Nearly one in five older Americans say they used up their savings or lost their main source of income because of the COVID-19 pandemic — a rate several times higher than in other high-income countries, a new Commonwealth Fund study finds. Drawing from a survey of more than 18,000 adults age 65 and older in the U.S. and 10 other wealthy countries, the report casts a harsh light on the economic vulnerability of U.S. seniors, particularly older Black and Latino/Hispanic Americans.
- Compared to their counterparts in the other survey countries, older adults in the U.S. have suffered the most economically from the COVID-19 pandemic, with more losing a job or using up all or most of their savings.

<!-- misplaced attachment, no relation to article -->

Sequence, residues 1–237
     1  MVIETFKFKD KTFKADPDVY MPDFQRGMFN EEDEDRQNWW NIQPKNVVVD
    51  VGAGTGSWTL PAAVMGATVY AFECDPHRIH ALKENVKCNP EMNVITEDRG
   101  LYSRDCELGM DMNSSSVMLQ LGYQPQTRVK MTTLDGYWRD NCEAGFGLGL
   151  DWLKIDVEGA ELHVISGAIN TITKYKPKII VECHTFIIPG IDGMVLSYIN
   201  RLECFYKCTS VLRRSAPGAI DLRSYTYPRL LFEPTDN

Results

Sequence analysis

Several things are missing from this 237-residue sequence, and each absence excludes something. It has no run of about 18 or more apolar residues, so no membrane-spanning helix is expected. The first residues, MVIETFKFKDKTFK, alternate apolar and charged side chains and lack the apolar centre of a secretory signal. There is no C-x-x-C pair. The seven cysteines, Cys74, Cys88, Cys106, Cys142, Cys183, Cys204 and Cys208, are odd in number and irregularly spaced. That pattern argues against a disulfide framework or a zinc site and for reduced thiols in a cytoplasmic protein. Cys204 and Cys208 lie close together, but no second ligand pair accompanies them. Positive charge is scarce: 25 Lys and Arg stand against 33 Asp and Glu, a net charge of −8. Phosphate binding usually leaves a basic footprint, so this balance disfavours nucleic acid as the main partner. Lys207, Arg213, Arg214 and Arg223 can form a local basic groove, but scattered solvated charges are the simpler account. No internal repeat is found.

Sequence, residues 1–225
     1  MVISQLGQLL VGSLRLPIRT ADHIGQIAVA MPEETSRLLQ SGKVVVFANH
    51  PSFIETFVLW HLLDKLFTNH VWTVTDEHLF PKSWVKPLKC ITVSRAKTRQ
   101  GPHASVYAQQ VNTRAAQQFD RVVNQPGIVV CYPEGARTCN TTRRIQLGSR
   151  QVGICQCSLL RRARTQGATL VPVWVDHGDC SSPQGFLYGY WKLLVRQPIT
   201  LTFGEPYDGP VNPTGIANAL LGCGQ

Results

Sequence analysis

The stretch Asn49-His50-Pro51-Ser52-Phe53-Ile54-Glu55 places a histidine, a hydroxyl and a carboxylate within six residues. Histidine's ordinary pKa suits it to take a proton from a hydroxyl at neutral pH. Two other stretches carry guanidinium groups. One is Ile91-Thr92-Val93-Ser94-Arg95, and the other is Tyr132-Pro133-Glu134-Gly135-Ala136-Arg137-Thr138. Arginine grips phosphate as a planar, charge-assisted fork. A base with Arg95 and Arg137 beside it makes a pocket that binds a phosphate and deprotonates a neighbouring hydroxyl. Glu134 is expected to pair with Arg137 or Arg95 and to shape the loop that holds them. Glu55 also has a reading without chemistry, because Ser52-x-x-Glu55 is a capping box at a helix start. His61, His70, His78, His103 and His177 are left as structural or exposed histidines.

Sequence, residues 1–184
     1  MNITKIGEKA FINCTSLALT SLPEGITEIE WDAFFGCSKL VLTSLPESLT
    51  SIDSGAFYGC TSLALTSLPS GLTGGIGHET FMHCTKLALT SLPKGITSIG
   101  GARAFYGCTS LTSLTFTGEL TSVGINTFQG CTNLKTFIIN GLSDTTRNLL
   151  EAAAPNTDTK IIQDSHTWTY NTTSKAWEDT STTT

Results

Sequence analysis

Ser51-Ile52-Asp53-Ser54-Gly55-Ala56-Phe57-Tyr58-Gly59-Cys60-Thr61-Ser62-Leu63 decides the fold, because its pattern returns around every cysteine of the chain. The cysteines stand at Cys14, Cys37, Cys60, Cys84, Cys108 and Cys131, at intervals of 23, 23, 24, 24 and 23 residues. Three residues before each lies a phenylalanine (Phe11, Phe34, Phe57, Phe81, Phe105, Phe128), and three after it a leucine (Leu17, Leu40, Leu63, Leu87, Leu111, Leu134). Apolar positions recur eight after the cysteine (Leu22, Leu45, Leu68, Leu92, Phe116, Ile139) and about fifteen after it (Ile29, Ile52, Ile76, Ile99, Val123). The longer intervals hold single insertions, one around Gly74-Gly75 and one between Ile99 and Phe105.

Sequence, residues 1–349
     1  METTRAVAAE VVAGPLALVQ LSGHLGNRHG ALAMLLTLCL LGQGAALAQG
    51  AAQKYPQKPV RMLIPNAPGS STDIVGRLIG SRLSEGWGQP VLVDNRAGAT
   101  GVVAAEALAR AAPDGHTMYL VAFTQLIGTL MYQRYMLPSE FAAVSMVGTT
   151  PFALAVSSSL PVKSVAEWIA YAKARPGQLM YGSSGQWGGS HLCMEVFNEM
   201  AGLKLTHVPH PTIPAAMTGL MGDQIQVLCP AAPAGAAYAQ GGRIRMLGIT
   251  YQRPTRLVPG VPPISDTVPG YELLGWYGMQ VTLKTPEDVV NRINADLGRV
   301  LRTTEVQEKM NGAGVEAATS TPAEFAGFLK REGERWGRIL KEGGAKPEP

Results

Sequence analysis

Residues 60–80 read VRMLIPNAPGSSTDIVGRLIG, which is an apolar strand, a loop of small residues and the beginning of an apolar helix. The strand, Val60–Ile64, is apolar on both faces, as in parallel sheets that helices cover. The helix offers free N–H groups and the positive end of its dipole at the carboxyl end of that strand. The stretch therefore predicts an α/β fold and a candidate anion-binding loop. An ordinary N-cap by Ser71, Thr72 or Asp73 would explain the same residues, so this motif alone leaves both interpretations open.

- Latino/Hispanic and Black older adults in the U.S. have been far more likely than white older adults to experience significant negative economic consequences.
- COVID vaccination rates for older adults were highest in countries where vaccines were most widely available when the survey was fielded. In the United Kingdom, nearly all older adults (97%) had already been vaccinated. The U.S. had the largest percentage of older adults who were not planning to get vaccinated.
Read the report to explore the complete findings, including how COVID-19 has affected older adults’ access to health care and supportive services for chronic conditions, what vaccination rates were during the second quarter of 2021, and policy recommendations for reducing financial barriers and ensuring access to affordable care. Read the full report HERE